In the middle of filming his dusty, rugged entertainer BAADSHAHO, MILAN LUTHRIA tells NICHOLA PAIS that the viewer has made up his mind that he will no longer be fooled by gimmicks.
In a lot of ways, it has been a watershed year mainly because the viewer has made up his mind that he is not going to be fooled by gimmicks. He is extremely clear – it has not got anything to do with stardom. Of course, the scale will vary but primarily he wants to watch well-made movies. Whether they are small-budged, medium-budget, big-budget, regional… it doesn’t matter, which explains the success of films like SAIRAT and PINK.
When DIRTY PICTURE was released, they said women will not watch this film. And I said women will be the highest percentage of my viewers. And I fought it till the release. And on the Monday after the film’s release, there were only women in the cinema halls! They thought the film would titillate men, but the women could see through and realise that this was material of value.
The value aspect of filmmaking has emerged and the whole sham that was making a project, or just being lazy about your work – that’s gone away. I think the change started a couple of months before 2016 began. With so much information being distributed so fast, there is a growing understanding that it is worth going and watching a film like AANKHON DEKHI. But just because somebody has spent Rs.80 crore on a film, doesn’t compel viewers to go and watch it. I think that is what everybody has realised – at least the audience has realised it; some filmmakers may or may not accept it. For me, that’s been the wake-up call of the year.
Content is king – we have always been talking about it but now no shortcuts will be tolerated. Whether it carries a star on its face or doesn’t, whether it is a big filmmaker or a small one, if you don’t do your job really well and if you don’t work really hard on your film, they will discard it. So, marketing, appearing on hundreds of TV shows, running all over the country – it makes no difference. You make a good film, it makes all the difference.
I think we are close to the debutante ball of the Indian webseries. That is going to be introduced to society. There was so much talk about it in the early part of the year; now it is all falling into place. Again, it will take time before we can separate the wheat from the chaff; just like what happened with Doordarshan and other television platforms. In the beginning, everybody will rush there to dump their rubbish and give it a second-hand treatment. But that is not what the viewer is going to accept. He wants you to give him something you have done yourself, or believe in very strongly. Or if you are mentoring, it has to be very deeply felt – not just put your brand name to something and send it off. Again, content will be king.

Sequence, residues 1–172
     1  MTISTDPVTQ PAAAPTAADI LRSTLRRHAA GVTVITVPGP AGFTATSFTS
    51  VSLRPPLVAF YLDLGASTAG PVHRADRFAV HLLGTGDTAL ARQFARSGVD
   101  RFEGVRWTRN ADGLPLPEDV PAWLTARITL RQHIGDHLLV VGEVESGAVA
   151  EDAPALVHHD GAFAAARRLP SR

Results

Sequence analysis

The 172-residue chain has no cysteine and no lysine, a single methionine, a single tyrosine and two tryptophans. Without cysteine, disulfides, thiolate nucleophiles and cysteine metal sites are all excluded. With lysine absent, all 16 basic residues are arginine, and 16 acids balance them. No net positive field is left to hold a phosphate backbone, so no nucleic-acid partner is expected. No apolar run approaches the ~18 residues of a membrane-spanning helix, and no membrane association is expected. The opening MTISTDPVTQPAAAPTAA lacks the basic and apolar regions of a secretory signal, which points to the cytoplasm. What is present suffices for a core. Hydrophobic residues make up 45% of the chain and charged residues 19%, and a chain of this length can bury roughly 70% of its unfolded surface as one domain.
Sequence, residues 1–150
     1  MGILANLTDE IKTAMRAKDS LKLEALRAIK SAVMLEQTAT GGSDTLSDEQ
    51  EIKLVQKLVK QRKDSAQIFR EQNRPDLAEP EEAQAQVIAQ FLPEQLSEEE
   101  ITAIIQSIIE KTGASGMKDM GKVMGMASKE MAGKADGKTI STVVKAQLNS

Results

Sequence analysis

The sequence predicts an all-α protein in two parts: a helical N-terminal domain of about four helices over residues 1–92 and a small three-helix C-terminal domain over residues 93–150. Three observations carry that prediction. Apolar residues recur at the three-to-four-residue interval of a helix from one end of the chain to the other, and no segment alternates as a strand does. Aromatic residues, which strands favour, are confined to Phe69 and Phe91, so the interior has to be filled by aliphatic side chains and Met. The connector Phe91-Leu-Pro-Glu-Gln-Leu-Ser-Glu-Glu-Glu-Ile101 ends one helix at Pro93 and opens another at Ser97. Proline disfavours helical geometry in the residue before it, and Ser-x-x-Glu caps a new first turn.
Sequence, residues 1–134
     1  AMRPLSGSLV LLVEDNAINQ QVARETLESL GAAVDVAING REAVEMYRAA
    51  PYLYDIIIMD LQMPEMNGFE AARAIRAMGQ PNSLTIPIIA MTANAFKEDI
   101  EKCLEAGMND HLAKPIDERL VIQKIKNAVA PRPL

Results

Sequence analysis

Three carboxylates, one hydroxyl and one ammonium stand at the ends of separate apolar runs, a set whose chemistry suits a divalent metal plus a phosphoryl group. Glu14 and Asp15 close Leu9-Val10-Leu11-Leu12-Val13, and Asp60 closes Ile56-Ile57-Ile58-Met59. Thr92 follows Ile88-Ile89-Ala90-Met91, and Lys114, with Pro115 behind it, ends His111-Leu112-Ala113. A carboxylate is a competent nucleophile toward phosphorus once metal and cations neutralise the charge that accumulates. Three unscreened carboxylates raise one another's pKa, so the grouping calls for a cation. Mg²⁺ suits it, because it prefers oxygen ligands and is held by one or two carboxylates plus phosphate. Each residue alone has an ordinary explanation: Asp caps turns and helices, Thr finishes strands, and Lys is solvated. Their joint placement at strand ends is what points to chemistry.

Speaking of the tastes of a cinema-going audience vis a vis a webseries-watching viewer, they would not differ. I think it is just connecting with the story, connecting with the characters. A lot of filmmakers would feel that now they are not compelled to cater to the bottom of the spectrum, which is the meaty massy bottom. They might feel that on the web they can go a little more niche or hard-core. But I don’t agree. I think that if the country is coming of age yet again – we are said to be the youngest nation with the highest percentage of youth – if they are to consume, they will consume across all bandwidths, all across strata. When you look at mobile network companies giving you so much data free, and you are looking at wifi everywhere, then the labourer, the driver, everybody will consume it! Why won’t they? They will learn – they are using smartphones, aren’t they? I don’t agree that it is a purely niche-driven platform.
I have always tried to find the Golden Middle where my films have been slightly massy as well as have a certain kind of sensibility. So I have followed that and I think I will continue to do that. I don’t want to alienate anyone. I want emotions and stories that will connect with people, generally. There are always people who won’t like a film or who won’t connect with a particular kind of film. But if you balance it out well, the larger number of people will connect.
We have already shooting; we shot a song with Emraan Hashmi and Sunny Leone and a couple of scenes. We soon leave for a long schedule in Rajasthan, we come back for Christmas and New Year and then we go back again for 40 days. So we are all going to be on the road together. It is a tough film, it has a lot of action; also it is a multi-starrer so it has six to seven principal players. The challenge will be to do justice to everyone and keep everybody comfortable, motivated.
It’s a nice dusty, set-in-the-rugged-locales entertainer. It is very different from anything I have done before. So we have had some wonderful recces to find virgin locations. We have a foreign action crew flying down. There are some new interesting technicians we are working with. So it is a very different energy compared to what I have done in the past. Hopefully I will stay a little bit ahead of falling into where people are trying to slot me! They have already said that I only do male-centric films, then they said I only do gangster films, so I am trying to give them something else whereby they can’t slot me again!
I have taken my time to put this film together. It has been a very relaxed time, a time for polishing the script and taking mini breaks, and looking at it from a distance, and also planning ahead after this movie – which way am I going, which actors am I working with, which formats am I working on… But the last two months have been absolutely heavy-duty. If you are having a costume trial, you are going to be having seven actors doing a costume trial! But it has been fun.